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Household & Structural Urban Entomology

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close up of termites

Responding to the needs of our state

Household and Structural Urban Entomology

Household and Structural Urban Entomology encompasses the many insect and other pest problems in and around structures used by people. The term urban does not imply these pest problems are only found in cities. Urban entomology potentially impacts all citizens of the state and their quality of life. Pest problems associated with humans occur wherever people live, work or play. Research and extension activities in this area of entomology involves cockroaches, bed bugs, fleas, carpenter ants, fire ants, stored product pests, ticks, mosquitoes, biting flies, filth flies, wood destroying insects such as termites, and most other pest problems that are generally considered non-agricultural.

The National Pest Management Association estimates that termites in the United State causes over $5 billion in property damage annually. Cockroaches can spread 33 different kinds of bacteria and their dropping or decomposing bodies can trigger allergic and asthma symptoms, especially in children. Encounters with stinging insects send over a half million people to emergency rooms each year and 1 in 5 Americans has had a bed bug infestation or knows someone who has encountered bed bugs. In South Carolina there are over 1000 licensed pest control businesses that in turn provide services for many of the over 5 million residents of the state. Revenues for the household and structural pest management industry in SC are over $500 million annually.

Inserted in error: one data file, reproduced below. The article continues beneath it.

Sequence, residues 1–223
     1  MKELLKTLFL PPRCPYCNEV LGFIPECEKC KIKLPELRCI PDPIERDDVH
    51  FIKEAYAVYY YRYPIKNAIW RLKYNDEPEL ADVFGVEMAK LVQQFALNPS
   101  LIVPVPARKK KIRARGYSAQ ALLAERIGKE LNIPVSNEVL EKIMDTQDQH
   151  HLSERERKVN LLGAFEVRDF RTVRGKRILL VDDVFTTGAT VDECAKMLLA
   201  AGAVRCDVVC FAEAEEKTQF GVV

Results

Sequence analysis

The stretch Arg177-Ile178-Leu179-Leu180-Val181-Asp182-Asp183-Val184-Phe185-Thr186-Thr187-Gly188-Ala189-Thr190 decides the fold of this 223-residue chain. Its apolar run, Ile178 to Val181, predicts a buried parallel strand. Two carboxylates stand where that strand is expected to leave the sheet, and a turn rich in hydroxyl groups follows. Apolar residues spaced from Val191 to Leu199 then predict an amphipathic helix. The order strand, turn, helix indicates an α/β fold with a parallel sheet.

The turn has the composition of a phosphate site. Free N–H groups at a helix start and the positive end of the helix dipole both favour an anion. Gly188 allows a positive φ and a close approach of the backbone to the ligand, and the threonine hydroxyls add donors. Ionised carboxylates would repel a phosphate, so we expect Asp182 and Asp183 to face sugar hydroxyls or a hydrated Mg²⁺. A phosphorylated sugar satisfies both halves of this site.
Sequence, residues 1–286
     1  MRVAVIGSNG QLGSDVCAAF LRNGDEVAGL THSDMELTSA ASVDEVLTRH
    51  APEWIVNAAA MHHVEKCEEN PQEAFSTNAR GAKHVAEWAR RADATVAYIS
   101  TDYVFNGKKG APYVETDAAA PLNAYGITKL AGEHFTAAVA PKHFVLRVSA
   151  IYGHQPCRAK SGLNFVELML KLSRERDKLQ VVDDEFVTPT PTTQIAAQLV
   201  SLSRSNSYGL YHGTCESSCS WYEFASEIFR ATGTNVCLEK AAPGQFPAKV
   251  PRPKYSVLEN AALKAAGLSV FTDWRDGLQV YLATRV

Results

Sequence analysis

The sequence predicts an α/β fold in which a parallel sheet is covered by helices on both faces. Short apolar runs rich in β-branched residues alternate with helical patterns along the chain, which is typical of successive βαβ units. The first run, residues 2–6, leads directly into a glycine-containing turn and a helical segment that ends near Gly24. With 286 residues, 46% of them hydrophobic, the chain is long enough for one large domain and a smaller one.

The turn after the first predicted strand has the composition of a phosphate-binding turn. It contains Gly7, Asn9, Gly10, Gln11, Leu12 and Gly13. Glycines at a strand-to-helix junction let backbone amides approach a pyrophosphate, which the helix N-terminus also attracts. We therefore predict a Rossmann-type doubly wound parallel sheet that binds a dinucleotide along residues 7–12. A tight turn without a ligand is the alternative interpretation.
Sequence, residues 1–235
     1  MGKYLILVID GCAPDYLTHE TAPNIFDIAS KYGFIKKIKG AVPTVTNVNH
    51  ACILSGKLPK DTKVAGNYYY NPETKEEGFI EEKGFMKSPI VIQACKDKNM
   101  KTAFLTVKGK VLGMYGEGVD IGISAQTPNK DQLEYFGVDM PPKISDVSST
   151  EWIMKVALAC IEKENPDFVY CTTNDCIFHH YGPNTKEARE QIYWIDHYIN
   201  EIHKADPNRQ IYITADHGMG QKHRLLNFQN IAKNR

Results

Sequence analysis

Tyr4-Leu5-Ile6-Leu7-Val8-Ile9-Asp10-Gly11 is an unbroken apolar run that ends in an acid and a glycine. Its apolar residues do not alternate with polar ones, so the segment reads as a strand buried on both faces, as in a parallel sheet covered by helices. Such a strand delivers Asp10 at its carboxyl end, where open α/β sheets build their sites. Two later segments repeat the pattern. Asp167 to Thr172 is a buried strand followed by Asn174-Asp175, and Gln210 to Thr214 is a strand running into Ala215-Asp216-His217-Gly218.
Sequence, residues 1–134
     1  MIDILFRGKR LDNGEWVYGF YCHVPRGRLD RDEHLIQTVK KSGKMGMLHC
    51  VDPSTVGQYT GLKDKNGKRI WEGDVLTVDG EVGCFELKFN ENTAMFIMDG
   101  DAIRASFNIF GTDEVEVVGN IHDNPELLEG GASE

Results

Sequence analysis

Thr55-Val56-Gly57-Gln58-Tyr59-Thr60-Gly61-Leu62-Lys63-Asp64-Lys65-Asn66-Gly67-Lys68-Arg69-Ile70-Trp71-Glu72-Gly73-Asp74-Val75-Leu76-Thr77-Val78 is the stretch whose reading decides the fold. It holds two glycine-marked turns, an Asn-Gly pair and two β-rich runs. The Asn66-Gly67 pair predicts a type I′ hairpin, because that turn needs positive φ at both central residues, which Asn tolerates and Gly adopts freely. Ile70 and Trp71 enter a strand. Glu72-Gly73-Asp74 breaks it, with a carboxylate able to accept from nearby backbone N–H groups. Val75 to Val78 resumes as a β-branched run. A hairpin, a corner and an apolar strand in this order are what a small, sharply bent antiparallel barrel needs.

Clemson University is responding to the needs of our state's population through research and teaching in urban entomology, especially training program for pest management professional. Our urban entomology lab collaborates with other university and industry scientists throughout the Southeast in seeking answers to solve current and evolving problems in urban entomology for all South Carolinians.

termites on wood

How To Get Rid Of Termites, According To An Expert

Southern Living

In the forest and other natural settings, termites are beneficial insects that recycle woody debris, such as dead trees, and return nutrients to the soil. But when they attack our houses, it’s a totally different story. “Termites are the most destructive insect of homes around the world,” says Eric Benson, PhD, professor emeritus and extension entomologist with Clemson University. “They have a hidden life and can do a significant amount of damage before they’re ever discovered.”

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Household & Structural Urban Entomology
Household & Structural Urban Entomology | 277 Poole Ag Center Clemson, SC 29634-0310